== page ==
curriculum's design (what it will look like), organizing the sequencing of developmental tasks (how to
construct the curriculum) and arranging for the process of implementation and evaluation.

A strong belief or philosophy is needed in order for a curriculum to exist. An educational

institution cannot exist with curriculum as it is the heart of education.

2. What is implication of an ever changing curriculum? Why revision of curriculum necessary? For
what reason?

The primary implication of a changing curriculum for teachers is that they must learn the new
curriculum. It also means in many cases that they will need to gain knowledge in the new parts of the
curriculum. That means they will need to attend professional development sessions or return to school.
Often this comes on the teacher's dime. Depending on how the curriculum is changed teachers may
have to change the way they teach. Most of the time a change in curriculum is a good thing. Most often
the curriculum is changed to address the changing needs and abilities of the students.
The implication of an ever changing curriculum to teachers is that it serves as an another
opportunity for the teacher to develop her strategies and method of teaching.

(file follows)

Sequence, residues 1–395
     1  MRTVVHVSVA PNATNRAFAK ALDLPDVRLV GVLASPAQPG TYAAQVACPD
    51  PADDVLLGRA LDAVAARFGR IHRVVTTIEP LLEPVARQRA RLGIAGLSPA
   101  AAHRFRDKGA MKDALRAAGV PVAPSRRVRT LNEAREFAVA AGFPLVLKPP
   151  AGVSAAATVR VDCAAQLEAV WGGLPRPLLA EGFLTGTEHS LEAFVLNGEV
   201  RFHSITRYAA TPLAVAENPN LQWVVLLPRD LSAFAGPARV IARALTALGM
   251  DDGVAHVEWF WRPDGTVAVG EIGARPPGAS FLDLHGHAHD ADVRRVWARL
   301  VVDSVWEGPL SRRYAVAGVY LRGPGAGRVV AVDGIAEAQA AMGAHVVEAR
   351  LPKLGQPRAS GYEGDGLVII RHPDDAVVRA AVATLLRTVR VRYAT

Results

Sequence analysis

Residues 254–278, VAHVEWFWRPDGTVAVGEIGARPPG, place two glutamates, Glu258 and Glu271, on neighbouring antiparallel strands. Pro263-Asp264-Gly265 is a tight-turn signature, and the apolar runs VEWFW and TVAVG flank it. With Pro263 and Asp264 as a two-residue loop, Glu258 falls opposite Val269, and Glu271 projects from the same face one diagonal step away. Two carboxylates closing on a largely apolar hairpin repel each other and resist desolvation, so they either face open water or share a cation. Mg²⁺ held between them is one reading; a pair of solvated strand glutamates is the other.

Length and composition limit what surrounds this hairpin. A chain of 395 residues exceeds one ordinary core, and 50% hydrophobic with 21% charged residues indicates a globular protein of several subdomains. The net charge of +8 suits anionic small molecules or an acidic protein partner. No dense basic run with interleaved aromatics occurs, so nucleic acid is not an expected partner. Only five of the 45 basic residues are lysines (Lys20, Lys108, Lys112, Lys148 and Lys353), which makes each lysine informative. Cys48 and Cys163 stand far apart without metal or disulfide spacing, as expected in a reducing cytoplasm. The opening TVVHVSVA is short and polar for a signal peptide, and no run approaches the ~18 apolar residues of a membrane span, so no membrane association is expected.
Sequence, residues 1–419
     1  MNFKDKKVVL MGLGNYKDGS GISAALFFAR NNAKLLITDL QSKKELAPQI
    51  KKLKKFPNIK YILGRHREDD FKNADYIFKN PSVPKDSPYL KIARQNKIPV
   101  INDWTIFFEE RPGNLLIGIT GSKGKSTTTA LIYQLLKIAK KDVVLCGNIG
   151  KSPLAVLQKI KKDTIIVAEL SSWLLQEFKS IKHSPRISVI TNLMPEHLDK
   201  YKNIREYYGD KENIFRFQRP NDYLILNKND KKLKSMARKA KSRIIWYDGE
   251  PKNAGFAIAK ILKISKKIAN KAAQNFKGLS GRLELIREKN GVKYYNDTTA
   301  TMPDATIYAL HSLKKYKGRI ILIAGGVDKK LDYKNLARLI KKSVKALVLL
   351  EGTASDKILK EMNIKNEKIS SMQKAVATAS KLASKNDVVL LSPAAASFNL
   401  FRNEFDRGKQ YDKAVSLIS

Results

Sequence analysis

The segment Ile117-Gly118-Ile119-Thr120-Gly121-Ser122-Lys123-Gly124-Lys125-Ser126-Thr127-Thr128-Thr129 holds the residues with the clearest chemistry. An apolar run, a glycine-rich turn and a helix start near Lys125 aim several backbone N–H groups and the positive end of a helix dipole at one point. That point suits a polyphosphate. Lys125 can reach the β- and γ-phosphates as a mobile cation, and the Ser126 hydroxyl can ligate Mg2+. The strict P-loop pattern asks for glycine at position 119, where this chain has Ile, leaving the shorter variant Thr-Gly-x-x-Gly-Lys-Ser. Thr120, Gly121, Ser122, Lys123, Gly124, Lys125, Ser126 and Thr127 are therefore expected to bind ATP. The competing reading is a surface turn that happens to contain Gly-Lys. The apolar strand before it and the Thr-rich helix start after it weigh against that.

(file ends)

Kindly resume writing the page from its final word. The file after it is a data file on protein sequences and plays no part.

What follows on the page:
Curriculum revision is being considered or is in process at most nursing programs across the
country in response to the dynamic changes occurring in the health care industry. Any curriculum
revision process necessarily causes a variety of faculty responses ranging from uneasiness to active
resistance. Nursing curricula can be viewed as an extension of the faculty's psychological self,
collectively and individually. Focusing on curriculum revision as a process of transition, rather than
change, may assist faculty to more readily engage in the thinking necessary to develop a new curriculum
for the 21st century. The outcomes of curriculum revision with planned strategies based on the process
of transition include new curricula, redefined individual and faculty collective self, a renewed sense of
psychological effectiveness, and role and environmental mastery and well-being.

3. Institutions that hold on to the subject-centered approach make robots of the children, those that
embrace the child – centered, discipline are weak.

Schools that adhere to the subject-centered approach make robots out of children. I agree to
that statement, because based on what I've read about the subject-centered approach is a kind of
strategy that most of the thoughts of the teachers came from the book, this design corresponds mostly